Having just returned from the UK and talking to UK leaders, I believe that the indecision has passed and decisions are reversing back to their normal rhythm. I expect there to be a little ongoing hangover; but going forward, I expect an increasingly low impact on outsourcing growth due to the UK exiting the EU. Yes, it’s still uncertain as to how the UK will exit, but that’s different from the indecision based on whether or not it would actually happen. I’m seeing signs that the indecision and senior management attention necessary to do outsourcing deals has now reverted back to running the business.
On their earnings calls, a number of outsourcing executives called out that they expect Brexit will create an imperative to do more outsourcing and to accelerate deals. I see no indication that is likely to happen. Here’s why:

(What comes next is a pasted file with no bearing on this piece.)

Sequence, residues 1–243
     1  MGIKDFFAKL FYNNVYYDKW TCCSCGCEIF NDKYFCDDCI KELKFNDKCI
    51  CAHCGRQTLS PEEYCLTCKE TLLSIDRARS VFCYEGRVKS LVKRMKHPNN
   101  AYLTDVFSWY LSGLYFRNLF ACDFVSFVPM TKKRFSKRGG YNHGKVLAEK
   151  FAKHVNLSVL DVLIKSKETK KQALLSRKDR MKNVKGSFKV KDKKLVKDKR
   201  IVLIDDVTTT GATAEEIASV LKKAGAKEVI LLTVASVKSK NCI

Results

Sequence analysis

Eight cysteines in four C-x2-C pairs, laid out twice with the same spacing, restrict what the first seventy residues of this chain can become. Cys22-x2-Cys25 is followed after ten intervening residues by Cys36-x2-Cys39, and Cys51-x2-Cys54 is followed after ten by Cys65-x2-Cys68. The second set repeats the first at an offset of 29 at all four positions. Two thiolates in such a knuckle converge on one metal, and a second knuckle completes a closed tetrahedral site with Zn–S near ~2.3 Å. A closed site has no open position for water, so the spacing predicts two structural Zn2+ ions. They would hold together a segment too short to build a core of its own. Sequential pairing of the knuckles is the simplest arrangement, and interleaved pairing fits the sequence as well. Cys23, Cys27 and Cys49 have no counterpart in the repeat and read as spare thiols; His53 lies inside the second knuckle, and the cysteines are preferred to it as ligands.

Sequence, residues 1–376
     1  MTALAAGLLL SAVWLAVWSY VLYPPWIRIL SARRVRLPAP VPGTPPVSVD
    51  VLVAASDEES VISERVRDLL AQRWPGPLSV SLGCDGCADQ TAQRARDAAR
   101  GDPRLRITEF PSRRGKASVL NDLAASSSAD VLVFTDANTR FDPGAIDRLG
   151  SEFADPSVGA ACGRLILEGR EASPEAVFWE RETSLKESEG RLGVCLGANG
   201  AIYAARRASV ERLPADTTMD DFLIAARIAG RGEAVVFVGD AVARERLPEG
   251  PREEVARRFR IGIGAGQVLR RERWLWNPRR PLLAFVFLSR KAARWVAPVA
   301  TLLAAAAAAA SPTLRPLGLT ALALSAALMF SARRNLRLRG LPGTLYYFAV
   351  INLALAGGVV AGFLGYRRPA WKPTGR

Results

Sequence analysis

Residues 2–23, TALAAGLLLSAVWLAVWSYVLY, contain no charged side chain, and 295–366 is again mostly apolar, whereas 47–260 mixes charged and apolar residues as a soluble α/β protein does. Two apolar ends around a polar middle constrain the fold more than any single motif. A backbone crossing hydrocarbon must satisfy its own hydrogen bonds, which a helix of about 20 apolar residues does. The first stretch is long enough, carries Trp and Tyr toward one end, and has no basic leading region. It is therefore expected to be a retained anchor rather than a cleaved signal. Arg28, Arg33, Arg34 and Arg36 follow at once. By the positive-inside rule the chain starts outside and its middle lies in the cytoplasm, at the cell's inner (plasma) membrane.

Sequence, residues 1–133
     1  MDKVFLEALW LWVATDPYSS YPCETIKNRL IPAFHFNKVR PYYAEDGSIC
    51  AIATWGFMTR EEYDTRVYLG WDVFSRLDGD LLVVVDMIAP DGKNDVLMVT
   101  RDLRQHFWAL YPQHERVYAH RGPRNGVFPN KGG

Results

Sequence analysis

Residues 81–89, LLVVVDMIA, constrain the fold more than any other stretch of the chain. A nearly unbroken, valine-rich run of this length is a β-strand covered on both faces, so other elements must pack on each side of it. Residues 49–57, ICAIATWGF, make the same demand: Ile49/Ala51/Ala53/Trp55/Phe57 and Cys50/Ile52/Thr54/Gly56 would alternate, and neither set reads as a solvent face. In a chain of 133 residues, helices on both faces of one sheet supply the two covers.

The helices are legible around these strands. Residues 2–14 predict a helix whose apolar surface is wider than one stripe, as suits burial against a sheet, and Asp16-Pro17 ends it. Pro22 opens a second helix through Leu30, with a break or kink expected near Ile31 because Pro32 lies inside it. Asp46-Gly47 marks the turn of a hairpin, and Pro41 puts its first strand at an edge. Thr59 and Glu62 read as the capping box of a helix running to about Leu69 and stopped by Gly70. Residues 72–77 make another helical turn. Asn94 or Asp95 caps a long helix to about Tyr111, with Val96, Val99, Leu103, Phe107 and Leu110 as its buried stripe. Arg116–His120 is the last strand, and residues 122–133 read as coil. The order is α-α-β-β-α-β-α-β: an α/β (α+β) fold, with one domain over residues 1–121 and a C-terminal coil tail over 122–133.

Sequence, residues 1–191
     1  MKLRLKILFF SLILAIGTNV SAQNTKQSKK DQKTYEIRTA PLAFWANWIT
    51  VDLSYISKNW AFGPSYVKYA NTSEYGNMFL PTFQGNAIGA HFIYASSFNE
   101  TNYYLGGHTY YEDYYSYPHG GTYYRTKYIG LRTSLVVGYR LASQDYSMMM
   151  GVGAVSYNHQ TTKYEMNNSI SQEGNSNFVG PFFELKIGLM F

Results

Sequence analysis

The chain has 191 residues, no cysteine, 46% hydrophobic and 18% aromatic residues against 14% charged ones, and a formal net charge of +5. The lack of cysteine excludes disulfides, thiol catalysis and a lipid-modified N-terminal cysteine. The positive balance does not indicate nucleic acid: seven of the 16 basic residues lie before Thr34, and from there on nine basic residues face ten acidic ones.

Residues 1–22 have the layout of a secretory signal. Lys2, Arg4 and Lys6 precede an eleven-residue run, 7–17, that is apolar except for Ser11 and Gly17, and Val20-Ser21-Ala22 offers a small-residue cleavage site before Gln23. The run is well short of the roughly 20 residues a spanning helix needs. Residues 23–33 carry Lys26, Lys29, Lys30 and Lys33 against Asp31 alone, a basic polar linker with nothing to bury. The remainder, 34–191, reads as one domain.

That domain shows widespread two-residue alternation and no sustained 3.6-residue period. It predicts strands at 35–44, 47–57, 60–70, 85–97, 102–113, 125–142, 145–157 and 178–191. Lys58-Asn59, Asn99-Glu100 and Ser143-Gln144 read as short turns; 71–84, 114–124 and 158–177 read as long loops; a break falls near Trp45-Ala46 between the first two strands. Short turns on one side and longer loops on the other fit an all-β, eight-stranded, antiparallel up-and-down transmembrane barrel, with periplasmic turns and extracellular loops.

- The UK has a mature outsourcing market, which is already well along in its shift to cloud, automation and cognitive computing.
- The imperative for UK businesses to save more money due to Brexit is likely to be resolved in an acceleration of the automation strategies, not an acceleration of further outsourcing in the labor arbitrage model. Work that has been available to move offshore has already moved, so I don’t see an uptick in demand for further offshoring. If Brexit has an effect, I believe it will accelerate the move to automation, which provides even greater savings than labor arbitrage.
Summing up, Brexit has had a modest impact on growth of UK outsourcing; but I think that impact is lessening dramatically by the day and will have little or no impact within a month. Where it does have an impact, and counter to well-publicized prophecies, I believe Brexit will not lead to further growth in the labor arbitrage space, but it’s likely to impact the transition to automated solutions.